6. Deepen your practice. We invite and encourage each participant to explore and develop a Web-of-Life- centered, daily, ongoing practice of prayer, meditation, blessing, gratitude, invocation, transformation, and opening to immanent and transcendent beauty (in the Navajo and Sufi sense). This can include communion with any and all the great souls who have inspired you on the path of compassion, communion with all your ancestors back to the birth of the Milky Way, and communion with all the future generations of Life on Planet Earth. (We offer our  Seven Mandalas Exploring Reverence for Life  as one of many possible starting places for this kind of ecological spirituality. You are also invited to visit our meditation, prayer and blessing exploration page   for a wide variety of examples and suggestions.)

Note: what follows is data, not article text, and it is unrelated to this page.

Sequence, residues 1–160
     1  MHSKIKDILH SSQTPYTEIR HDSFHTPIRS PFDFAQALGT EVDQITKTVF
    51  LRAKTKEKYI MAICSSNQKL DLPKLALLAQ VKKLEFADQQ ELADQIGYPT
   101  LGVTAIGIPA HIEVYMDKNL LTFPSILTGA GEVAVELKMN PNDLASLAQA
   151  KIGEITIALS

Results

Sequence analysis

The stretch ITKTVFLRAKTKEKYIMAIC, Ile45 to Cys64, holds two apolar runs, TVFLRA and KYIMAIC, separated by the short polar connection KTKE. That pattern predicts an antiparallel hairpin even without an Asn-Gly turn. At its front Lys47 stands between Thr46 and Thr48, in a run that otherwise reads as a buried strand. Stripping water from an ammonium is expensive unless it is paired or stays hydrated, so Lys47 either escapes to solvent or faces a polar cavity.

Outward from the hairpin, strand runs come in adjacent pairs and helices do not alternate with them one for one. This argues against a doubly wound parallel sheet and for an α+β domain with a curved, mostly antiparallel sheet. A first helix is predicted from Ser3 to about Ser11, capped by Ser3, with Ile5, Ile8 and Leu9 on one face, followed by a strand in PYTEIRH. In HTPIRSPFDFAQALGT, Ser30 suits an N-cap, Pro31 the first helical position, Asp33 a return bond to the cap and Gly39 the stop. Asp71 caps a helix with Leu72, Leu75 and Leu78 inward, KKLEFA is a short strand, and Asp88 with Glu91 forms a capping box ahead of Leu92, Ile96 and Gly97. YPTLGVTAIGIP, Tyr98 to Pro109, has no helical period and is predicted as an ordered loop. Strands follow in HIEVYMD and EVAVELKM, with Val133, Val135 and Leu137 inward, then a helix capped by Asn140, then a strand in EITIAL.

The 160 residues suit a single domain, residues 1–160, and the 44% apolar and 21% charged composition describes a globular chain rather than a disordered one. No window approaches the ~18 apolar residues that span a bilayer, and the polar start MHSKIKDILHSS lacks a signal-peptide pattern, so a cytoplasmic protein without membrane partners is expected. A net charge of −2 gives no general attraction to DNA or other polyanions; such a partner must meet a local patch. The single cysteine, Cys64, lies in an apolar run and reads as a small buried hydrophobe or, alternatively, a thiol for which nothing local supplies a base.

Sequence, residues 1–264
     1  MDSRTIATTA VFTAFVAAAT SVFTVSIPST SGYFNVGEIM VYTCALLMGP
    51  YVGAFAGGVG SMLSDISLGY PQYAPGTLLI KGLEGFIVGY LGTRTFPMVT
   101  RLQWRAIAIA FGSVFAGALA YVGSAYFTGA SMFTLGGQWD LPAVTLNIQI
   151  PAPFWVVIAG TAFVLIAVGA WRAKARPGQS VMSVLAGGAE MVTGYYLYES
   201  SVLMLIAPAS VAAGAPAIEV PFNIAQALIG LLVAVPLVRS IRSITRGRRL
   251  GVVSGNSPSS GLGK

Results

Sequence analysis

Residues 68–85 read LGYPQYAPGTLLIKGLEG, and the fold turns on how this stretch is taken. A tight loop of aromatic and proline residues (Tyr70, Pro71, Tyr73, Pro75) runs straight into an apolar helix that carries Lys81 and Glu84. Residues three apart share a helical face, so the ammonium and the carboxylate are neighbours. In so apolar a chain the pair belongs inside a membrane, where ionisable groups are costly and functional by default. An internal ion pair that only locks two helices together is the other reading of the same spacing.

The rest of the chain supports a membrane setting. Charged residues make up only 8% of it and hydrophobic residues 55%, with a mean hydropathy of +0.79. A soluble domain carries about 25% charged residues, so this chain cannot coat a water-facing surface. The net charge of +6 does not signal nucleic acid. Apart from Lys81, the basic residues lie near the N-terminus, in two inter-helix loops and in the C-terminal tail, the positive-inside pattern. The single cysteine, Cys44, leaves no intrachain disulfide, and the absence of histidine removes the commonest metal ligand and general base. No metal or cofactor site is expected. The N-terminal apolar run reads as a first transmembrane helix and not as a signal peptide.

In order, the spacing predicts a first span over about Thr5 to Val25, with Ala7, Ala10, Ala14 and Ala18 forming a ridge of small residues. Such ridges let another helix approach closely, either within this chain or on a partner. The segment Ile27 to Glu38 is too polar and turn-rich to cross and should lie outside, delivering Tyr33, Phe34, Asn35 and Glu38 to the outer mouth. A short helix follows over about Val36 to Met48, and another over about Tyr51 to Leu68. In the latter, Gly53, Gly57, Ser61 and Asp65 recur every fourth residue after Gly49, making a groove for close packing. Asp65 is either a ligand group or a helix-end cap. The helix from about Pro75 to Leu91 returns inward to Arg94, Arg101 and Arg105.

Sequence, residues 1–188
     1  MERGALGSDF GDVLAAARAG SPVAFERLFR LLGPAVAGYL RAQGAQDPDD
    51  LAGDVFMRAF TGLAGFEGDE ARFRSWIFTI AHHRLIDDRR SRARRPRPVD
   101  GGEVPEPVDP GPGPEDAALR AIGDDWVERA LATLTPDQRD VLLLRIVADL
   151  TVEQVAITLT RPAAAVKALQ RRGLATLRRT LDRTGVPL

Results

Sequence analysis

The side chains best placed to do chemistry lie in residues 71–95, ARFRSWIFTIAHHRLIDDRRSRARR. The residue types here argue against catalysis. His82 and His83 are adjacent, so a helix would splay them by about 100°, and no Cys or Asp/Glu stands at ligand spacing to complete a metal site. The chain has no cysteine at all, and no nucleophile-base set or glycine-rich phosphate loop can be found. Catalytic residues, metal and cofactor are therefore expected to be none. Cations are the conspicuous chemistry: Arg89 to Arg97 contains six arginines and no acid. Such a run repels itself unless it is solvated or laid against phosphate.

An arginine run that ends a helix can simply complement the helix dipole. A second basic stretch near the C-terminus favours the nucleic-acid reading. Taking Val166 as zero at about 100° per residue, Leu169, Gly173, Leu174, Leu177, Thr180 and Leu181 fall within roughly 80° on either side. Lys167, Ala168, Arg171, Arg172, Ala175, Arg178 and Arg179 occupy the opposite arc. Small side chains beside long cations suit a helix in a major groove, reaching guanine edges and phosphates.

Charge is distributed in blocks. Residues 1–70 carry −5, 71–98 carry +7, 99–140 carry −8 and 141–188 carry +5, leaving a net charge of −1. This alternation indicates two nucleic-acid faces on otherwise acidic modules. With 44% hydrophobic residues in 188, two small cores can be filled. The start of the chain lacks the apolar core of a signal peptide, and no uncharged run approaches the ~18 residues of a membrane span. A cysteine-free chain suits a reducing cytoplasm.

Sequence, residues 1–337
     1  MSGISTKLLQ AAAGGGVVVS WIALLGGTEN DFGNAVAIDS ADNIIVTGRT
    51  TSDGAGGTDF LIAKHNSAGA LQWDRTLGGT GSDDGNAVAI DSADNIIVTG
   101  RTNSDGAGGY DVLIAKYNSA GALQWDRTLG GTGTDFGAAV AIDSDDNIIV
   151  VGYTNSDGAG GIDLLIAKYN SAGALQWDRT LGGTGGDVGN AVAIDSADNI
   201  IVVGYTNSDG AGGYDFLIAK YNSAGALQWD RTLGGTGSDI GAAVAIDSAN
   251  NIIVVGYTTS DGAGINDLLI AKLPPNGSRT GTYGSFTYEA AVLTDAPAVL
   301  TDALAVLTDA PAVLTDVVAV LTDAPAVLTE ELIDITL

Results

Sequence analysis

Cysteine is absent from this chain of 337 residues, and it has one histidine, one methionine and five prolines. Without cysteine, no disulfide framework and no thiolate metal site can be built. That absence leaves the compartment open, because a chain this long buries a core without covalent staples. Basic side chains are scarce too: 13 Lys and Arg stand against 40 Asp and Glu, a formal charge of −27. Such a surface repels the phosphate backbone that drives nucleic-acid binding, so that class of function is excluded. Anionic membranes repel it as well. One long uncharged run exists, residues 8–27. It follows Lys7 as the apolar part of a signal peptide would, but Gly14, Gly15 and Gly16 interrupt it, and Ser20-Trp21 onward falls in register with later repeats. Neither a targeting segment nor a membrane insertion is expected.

7. Invite others to join with you in your project, if and when that feels appropriate. Encourage new participants to find and team up with new project partners. (Please give new participants a copy of this document.)

  8. Create a gift from your work. With each of your Team or Two partners, create a memo, report, book report, PowerPoint presentation, video, painting, sculpture or music performance MP3 that documents/expresses what you have done and learned.

  9. Celebrate and share the results of your project with the larger Deep Green Awakening community, with other communities, and with the whole world through the Internet. Place the results of your project or study in the Creative Commons as royalty-free resources so that others can learn from them and build on them.